Let $f:X \rightarrow Y$ be a continuous map of topological spaces, such that it is closed immersion. Let $\mathfrak{F}$ and $\mathfrak{G}$ be sheafs on $X$ and $Y$ respectively. How to show, that canonical morphisms $$ \mathfrak{G} \rightarrow f_* f^{-1} \mathfrak{G}, \; f^{-1} f_* \mathfrak{F} \rightarrow \mathfrak{F} $$ are isomorphisms?

Is it true, that taking stalk doesn't commute with direct image, but commutes with inverse image?

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    I don't believe the first statement, $f_* f^{-1}$ must have support inside (image in $Y$) of $X$, while your $\mathcal{O}$ can definitely have a larger support to start with. The second canonical morphism should be an isomorphism, and that can be checked at the level of sections. –  Nov 04 '12 at 08:39

2 Answers2

  1. Let $Y$ be any topological space, and $ f:X=\lbrace p \rbrace \hookrightarrow Y$, the inclusion of a closed point $p\in X$.
    If $\mathcal G$ is a sheaf on $Y$, the sheaf $f^{-1}\mathcal G$ is the sheaf on the one-point space $X$ with stalk $\mathcal G_p$ and the sheaf $f_*f^{-1}\mathcal G$ restricted to $ Y\setminus \lbrace p \rbrace $ is zero while $\mathcal G$ will not be zero on $ Y\setminus \lbrace p \rbrace $ in general, so that $$\mathcal G \rightarrow f_* f^{-1} \mathcal G \; $$ will certainly not be an isomorphism.

  2. Yes, it is true that if $X\subset Y$ is the inclusion of a subspace (closed or not), then for any sheaf $\mathcal F$ on $X$ the canonical map $$ f^{-1} f_* \mathcal F \rightarrow \mathcal F $$ is an isomorphism of sheaves.
    It is enough to check that for each $x\in X$ the map of stalks $$ (f^{-1} f_* \mathcal F )_x\rightarrow \mathcal F_x $$ is bijective.
    Since for any sheaf $\mathcal G$ on $Y$, we have for all $x\in X$ the equality of stalks $$(f^{-1}\mathcal G)_x=\mathcal G_{f(x)}$$ we have to check that the canonical morphism $(f_*\mathcal F)_{f(x)}\to \mathcal F_x $ is bijective .
    But this is immediate from the definition $\Gamma(U,f_*\mathcal F)=\Gamma(U\cap X,\mathcal F)$ (for $U$ open in $Y$) if you remember that all open neighbourhoods of $x$ in $X$ are of the form $U\cap X$ for some ope neighbourhood $U$ of $x$ in $Y$.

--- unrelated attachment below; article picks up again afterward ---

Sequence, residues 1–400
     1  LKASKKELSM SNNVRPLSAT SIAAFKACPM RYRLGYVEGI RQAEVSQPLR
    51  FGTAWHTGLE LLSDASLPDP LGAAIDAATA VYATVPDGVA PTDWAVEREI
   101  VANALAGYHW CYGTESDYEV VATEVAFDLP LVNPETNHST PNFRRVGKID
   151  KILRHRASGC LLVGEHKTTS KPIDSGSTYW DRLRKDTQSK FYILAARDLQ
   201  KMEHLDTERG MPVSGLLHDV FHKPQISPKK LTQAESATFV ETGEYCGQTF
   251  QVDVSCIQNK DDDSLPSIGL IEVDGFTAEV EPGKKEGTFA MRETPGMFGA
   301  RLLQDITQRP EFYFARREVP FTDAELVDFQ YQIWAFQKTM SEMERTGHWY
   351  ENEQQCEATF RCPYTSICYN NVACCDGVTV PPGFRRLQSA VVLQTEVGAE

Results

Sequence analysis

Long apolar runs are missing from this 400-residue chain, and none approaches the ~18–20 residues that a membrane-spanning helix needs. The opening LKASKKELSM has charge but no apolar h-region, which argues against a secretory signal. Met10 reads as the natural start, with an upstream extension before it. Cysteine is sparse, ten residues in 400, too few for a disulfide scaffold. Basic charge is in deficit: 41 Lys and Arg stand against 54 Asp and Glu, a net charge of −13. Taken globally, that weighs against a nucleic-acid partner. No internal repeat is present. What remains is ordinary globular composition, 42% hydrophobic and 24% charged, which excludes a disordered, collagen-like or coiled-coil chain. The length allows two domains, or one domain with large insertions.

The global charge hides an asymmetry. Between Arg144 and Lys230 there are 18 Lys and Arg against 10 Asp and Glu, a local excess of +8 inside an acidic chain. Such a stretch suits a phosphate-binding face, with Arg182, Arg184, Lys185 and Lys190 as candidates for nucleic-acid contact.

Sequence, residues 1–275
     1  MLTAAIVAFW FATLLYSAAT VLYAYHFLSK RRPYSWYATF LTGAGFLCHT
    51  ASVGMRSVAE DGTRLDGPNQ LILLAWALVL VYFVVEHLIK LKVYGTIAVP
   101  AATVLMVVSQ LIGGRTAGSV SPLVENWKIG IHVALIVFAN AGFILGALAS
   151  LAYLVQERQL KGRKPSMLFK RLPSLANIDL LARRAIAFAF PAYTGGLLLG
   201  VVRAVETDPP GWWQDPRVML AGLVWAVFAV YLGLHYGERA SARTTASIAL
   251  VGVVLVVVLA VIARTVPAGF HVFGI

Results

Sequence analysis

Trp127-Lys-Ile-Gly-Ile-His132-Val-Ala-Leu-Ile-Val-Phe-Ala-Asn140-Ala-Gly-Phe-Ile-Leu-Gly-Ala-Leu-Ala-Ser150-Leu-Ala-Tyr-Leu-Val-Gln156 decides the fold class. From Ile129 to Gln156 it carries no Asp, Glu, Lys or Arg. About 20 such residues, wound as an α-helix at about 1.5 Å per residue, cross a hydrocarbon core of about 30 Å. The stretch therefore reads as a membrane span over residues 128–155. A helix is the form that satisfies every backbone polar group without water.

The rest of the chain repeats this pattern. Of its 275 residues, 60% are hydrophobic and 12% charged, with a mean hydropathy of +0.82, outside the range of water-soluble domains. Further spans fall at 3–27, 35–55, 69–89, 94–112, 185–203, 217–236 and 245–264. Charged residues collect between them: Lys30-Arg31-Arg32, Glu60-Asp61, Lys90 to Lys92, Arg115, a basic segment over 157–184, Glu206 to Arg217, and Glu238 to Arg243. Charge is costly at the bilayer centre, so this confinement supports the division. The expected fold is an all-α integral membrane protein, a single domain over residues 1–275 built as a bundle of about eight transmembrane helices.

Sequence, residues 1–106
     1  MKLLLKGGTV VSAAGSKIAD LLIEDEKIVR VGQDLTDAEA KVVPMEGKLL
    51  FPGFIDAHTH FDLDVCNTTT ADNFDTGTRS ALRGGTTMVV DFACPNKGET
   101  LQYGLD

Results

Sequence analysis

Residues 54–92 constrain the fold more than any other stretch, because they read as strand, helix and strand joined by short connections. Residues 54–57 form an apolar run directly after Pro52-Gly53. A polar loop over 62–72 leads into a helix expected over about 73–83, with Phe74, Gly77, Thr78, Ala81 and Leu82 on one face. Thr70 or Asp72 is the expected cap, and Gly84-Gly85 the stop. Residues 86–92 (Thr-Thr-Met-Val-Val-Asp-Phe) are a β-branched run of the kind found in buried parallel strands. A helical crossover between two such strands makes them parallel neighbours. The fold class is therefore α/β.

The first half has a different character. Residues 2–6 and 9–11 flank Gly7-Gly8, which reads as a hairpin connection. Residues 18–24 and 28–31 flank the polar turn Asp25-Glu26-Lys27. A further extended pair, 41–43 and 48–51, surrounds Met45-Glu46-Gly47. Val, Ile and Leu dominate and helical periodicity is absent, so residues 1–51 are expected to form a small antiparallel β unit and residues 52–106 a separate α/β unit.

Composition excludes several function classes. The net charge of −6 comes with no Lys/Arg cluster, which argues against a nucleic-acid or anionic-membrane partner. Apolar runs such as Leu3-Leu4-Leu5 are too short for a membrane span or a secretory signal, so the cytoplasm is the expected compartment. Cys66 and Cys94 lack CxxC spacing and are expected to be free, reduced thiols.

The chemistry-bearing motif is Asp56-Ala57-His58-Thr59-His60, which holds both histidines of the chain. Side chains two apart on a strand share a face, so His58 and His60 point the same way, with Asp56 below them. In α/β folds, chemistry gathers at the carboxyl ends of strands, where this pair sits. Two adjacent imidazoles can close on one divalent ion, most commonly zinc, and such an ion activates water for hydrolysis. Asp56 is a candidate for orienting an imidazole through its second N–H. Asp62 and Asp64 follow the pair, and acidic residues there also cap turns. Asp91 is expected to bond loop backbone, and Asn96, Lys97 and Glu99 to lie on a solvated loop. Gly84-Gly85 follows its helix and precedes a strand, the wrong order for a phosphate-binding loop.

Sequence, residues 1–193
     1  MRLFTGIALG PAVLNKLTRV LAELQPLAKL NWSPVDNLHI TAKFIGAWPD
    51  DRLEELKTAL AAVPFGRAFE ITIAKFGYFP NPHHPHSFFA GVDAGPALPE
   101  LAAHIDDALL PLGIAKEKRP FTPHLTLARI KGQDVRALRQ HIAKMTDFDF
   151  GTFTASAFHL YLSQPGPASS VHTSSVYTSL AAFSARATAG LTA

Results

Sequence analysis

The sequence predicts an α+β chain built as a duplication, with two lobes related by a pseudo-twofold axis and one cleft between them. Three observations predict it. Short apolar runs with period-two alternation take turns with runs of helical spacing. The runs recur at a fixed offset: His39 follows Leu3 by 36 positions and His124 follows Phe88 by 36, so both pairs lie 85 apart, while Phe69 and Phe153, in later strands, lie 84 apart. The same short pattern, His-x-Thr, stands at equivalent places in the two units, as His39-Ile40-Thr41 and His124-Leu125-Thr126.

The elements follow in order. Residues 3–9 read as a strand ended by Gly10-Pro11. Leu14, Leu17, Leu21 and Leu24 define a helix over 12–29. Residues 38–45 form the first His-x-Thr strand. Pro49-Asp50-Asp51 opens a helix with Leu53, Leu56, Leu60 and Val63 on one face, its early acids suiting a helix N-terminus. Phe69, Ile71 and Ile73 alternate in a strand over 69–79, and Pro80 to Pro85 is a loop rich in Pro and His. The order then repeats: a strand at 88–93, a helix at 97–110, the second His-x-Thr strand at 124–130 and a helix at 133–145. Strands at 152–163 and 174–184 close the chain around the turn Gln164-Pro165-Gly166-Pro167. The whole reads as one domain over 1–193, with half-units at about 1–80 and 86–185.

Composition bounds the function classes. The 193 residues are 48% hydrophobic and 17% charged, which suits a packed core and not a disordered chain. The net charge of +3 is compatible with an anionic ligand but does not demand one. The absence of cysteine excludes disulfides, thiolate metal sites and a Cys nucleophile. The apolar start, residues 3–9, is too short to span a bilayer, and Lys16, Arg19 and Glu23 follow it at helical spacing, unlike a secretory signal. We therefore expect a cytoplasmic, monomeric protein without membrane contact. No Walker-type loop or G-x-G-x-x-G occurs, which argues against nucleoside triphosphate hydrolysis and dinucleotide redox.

Georges Elencwajg
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  • In the second example, the morphism $\mathbb{P}^1 \rightarrow \{q\}$ is not a closed immersion. – user46336 Nov 04 '12 at 10:53
  • Ah yes, you're right: I had forgotten about this condition of yours. I have modified my answer in order that it take this condition into account. – Georges Elencwajg 1 hour ago – Georges Elencwajg Nov 04 '12 at 12:32
  • Since in the second part we do not use that $f(X)$ is closed, am I right that $f^{-1} f_* \mathcal F \rightarrow \mathcal F$ is an isomorphism for any immersion $f$? – Bart Michels Oct 06 '17 at 17:39
  • @barto: yes, you are right. – Georges Elencwajg Oct 06 '17 at 17:59
  • Thanks. Strange, because I always see this with the assumption that $f$ is a closed or open immersion. I guess there's some more general context where that condition becomes necessary. – Bart Michels Oct 06 '17 at 18:01
  • To be precise: the result is correct whenever $f: X\hookrightarrow Y$ is the inclusion of a **topological subspace** $X$ (with induced topology) into **a topological space** $Y$. I don't know what immersions of topological spaces are and I'm not saying anything about those. Let me emphasize that my answer concerns **topological spaces**, and **not** schemes. – Georges Elencwajg Oct 06 '17 at 18:24

That $f^\ast(f_\ast(\mathcal{F})) \to \mathcal{F}$ is an isomorphism follows from the fact that for a ring $R$, ideal $I$ and $(R/I)$-module $M$, the canonical homomorphism $M_R \otimes_{R} R/I \to M$ is an isomorphism. The other one is similar. See (Stacks project, 24.4.1).

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    I think he's working with topological space with a structure sheaf rather than a scheme. (In particular, he's using inverse image sheaf rather than $O_X$-modules.) –  Nov 04 '12 at 09:27
  • Ah, sorry. How do we define closed immersions for topological spaces? –  Nov 04 '12 at 09:37
  • I think it means that $X$ maps homeomorphically to a closed subset of $Y$ through $f$, and that $O_Y \to f_* O_X$ is surjective. –  Nov 04 '12 at 18:15